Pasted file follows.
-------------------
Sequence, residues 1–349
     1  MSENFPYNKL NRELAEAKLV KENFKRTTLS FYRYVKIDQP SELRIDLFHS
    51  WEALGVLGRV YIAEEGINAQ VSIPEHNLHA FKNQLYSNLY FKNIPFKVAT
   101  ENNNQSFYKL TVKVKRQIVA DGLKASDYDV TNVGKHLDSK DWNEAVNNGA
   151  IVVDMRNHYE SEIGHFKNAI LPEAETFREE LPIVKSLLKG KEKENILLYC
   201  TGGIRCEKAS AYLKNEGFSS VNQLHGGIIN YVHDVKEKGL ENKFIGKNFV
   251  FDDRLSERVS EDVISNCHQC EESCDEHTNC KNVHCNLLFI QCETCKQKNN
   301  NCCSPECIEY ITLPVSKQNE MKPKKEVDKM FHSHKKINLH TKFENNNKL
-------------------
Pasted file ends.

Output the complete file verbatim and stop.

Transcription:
Sequence, residues 1–349
     1  MSENFPYNKL NRELAEAKLV KENFKRTTLS FYRYVKIDQP SELRIDLFHS
    51  WEALGVLGRV YIAEEGINAQ VSIPEHNLHA FKNQLYSNLY FKNIPFKVAT
   101  ENNNQSFYKL TVKVKRQIVA DGLKASDYDV TNVGKHLDSK DWNEAVNNGA
   151  IVVDMRNHYE SEIGHFKNAI LPEAETFREE LPIVKSLLKG KEKENILLYC
   201  TGGIRCEKAS AYLKNEGFSS VNQLHGGIIN YVHDVKEKGL ENKFIGKNFV
   251  FDDRLSERVS EDVISNCHQC EESCDEHTNC KNVHCNLLFI QCETCKQKNN
   301  NCCSPECIEY ITLPVSKQNE MKPKKEVDKM FHSHKKINLH TKFENNNKL